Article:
Abandoning well-formedness checks for assertions

Jul 30, 2009 at 12:23 PM


currently, we generate reads checks for memory accesses in assertions. The main purpose here was to prevent the counter-intuitive situation where we could prove certain assertion in ghost code but could not use this knowledge. For example:

#include "vcc.h"

void foo(int *p)
  requires(*p == 5)
  int i;
  assert(*p == 5);
  i = *p;

Here, the assert can be proved, but then the assignment fails because in the physical code we need to be able to show that we can actually physically read from *p. To prevent situations like this, we have created the well-formedness checks.

Generating these assertions is relatively simple, but we now have an issue with the generation of a meaningful error message in case such a verification failed. A general solution for this problem would be somewhat involved, which led us to re-think the whole concept of well-formedness checks.

So, my question is: have you actually encountered situations where you found the the well-formedness checks have helped you? Or are you mostly annoyed by them and if they fail you disable them using "skip_wf"?



Jul 30, 2009 at 12:40 PM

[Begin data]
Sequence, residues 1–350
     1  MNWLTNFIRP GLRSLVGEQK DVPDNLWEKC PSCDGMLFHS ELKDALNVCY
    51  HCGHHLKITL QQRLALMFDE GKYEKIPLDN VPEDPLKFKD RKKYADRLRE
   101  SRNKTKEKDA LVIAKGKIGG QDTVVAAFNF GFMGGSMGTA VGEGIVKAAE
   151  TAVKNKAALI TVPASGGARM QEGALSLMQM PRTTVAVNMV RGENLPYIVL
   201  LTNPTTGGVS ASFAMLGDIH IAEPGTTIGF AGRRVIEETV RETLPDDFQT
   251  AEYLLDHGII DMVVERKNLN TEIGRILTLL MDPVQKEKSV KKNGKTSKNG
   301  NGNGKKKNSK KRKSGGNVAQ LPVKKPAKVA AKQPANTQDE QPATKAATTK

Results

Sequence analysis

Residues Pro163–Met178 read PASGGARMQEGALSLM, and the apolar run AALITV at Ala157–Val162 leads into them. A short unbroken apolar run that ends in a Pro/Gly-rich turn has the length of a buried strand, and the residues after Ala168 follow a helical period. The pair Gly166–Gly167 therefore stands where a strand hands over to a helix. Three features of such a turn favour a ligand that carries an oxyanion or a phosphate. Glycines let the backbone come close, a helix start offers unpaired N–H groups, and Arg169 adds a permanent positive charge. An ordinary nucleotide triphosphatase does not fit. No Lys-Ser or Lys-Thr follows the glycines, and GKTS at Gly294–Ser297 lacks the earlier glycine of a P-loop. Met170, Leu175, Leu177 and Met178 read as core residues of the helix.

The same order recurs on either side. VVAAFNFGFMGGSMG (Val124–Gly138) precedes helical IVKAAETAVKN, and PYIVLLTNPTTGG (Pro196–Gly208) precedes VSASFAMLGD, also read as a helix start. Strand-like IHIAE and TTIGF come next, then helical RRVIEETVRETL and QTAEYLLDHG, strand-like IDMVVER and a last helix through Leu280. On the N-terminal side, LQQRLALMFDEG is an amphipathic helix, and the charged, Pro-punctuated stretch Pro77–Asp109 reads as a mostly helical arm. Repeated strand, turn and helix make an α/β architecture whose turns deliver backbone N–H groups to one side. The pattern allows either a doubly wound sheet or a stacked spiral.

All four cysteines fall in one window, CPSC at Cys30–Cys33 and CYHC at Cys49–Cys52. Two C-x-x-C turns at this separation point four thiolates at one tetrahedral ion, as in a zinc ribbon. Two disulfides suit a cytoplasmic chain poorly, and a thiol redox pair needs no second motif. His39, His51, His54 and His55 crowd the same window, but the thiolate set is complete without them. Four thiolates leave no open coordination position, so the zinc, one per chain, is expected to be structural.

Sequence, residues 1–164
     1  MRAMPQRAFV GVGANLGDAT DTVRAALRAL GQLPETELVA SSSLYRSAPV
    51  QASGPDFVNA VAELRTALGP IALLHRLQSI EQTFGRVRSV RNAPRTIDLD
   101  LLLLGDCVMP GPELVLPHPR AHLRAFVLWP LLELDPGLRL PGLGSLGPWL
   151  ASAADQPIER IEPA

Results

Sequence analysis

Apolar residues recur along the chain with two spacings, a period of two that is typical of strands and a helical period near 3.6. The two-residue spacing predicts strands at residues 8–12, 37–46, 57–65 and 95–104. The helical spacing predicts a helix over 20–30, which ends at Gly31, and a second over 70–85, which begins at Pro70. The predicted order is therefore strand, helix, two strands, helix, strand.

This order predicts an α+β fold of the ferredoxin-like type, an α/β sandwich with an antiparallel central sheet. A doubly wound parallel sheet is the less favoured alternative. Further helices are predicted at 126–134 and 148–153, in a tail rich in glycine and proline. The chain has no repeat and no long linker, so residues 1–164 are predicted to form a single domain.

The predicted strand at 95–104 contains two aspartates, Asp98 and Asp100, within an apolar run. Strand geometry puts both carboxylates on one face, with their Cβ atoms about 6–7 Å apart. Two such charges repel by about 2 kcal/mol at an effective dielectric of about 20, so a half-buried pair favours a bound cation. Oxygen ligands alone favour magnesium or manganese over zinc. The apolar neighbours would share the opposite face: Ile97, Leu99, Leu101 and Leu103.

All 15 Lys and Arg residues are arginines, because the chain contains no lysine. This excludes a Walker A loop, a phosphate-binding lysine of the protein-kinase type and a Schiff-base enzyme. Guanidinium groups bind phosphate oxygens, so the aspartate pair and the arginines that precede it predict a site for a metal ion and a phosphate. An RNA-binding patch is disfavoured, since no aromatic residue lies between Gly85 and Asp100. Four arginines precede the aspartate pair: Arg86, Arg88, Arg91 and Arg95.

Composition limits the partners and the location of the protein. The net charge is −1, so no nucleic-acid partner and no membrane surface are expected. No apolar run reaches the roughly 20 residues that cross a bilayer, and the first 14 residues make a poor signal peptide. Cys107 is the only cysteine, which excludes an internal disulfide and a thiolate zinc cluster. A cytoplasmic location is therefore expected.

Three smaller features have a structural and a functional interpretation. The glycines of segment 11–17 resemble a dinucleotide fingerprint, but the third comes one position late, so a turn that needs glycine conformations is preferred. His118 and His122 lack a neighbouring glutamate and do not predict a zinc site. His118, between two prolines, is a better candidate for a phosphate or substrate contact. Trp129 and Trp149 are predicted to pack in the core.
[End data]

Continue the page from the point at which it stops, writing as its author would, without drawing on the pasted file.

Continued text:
Actually, why not just insert the necessary reads instead of just checking that they are there?

Or is there a situation where "requires(*p == 5)" might be necessary, but I do not want to read that location?


Jul 30, 2009 at 12:51 PM

Since a non-well-formed assertion can't introduce unsoundness, why not make it a warning rather than an error?

Jul 30, 2009 at 1:09 PM

We cannot do this because it is a Boogie assertion and these either succeed or fail, where the latter is an error. Also, the question "warning or error", is really orthogonal to the original question, which was "useful or not".

Jul 30, 2009 at 2:11 PM

I was responding to the "annoying or not" part of the question :) The main source of annoyance is the need to put in the skip_wf to make the verification succeed.

Jul 30, 2009 at 2:15 PM

But then, what's the point in having in a check where, as soon as it fails, you disable it (in case of an error) or ignore it (in case of a warning).

Thus the question: have there been situations where somedoby had the well-formedness test fail because of a genuine problem in the assertion?

Jul 30, 2009 at 2:23 PM

Personally, I don't find the well-formedness check very useful and could live without it. Maybe we should allow enabling it (and similar checks?) at the command-line, like for a "novice mode" or something.

Aug 3, 2009 at 8:48 AM

I don't think that such an option would be of much help, and extra options make the tool harder to use. As noboby has argued strongly in favour of the well-formedness checks, I will remove them. Let's see how that works out.